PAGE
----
Thursday, June 1, 2017
The Many Ways That Your Estate Plan Can Achieve ‘Extra’ Planning Goals
Summary: An estate plan can accomplish many major, common goals like avoiding probate, saving on some taxes and providing for a surviving spouse. But, if your objectives go beyond that, chances are your plan can help meet those preferences, too. With a carefully crafted plan, you can not only provide for your loved ones’ needs, you can incentivize them to make positive choices, too.
Pay attention to discussions surrounding estate planning long enough and you’ll hear certain reasons for planning come up again and again… avoiding probate, potentially saving on certain taxes, directing family business succession or providing for your surviving spouse and children. These are all very important and very valid reasons to go out and get an estate plan (or update the one you have) and to do so without delay. However, these are not the only objectives you might want your plan to accomplish, and these are certainly not the only objectives your plan can achieve.
One thing that many people want to include as part of their legacy is helping to encourage their loved ones to make positive choices. What that means may vary depending on you and your family. Maybe you want your daughter to go to college and obtain a degree. Or perhaps you want to encourage your son to settle down, get married and live a more stable lifestyle.
There are ways of using your estate plan to accomplish these ends. One or more trusts may potentially serve as very useful vehicles in meeting this goal. Your trust(s) can dictate that certain events in a beneficiary’s life will trigger certain distributions to them from the trust’s assets. Those events could include things like graduating from college or getting married. By inserting these types of provisions, you are reaping multiple benefits. You are reinforcing your values (such as the importance of education and/or family,) you are helping incentivize your loved one to make wise decisions and, by delaying some of your loved one’s receipt of money, you are protecting him or her from the problems that can arise from receiving too much wealth at too young an age in a single lump-sum.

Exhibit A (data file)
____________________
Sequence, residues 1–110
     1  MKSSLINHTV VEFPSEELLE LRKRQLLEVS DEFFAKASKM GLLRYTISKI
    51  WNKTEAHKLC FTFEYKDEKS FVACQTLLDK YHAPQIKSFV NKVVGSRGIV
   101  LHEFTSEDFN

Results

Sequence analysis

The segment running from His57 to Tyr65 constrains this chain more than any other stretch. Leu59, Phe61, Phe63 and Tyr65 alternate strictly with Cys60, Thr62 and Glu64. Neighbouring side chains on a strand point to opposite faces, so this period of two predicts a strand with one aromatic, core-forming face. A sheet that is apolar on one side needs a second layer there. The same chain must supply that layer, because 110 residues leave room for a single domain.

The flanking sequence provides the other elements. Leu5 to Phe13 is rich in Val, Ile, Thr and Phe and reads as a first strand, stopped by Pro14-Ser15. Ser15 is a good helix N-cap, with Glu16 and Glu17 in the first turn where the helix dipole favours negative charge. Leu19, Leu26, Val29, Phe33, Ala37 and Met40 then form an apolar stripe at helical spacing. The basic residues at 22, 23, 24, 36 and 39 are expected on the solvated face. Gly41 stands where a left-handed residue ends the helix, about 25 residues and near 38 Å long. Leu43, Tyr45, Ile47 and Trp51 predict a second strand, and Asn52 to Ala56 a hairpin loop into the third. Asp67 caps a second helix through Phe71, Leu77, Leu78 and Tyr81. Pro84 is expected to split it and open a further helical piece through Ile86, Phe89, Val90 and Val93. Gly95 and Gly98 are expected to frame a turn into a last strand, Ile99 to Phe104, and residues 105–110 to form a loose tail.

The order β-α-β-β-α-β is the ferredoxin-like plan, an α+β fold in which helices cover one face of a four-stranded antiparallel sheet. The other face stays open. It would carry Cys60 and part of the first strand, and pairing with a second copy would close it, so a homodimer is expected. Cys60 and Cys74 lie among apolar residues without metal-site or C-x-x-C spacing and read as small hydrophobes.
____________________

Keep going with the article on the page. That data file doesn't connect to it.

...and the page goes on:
Speaking of protection, your trust can also help shield your loved ones, too. If you have a loved one with addiction issues, you can keep his or her money in trust, which offers the added protection of your trustee handling this beneficiary’s wealth instead of the addicted beneficiary him/herself. These same types of protections can be used for other beneficiaries, too, like a loved one who is in a bad marriage or is being sued. Certain trust types, such as ones often called “spendthrift trusts” can help you meet these goals.
Finally, it is often useful to make sure that your incentive provisions in your plan are what some observers call “more carrot and less stick.” By offering positive incentives, you will encourage your loved ones to follow the wise path you’d like them to follow. Negative incentives, such as provisions that call for your loved one to lose some or all of his distribution may not only create ill feelings, they may also invite legal contests to your plan, too.
This article is published by the Legacy Assurance Plan and is intended for general informational purposes only. Some information may not apply to your situation. It does not, nor is it intended, to constitute legal advice. You should consult with an attorney regarding any specific questions about probate, living probate or other estate planning matters. Legacy Assurance Plan is an estate planning services-company and is not a lawyer or law firm and is not engaged in the practice of law. For more information about this and other estate planning matters visit our website at www.legacyassuranceplan.com.
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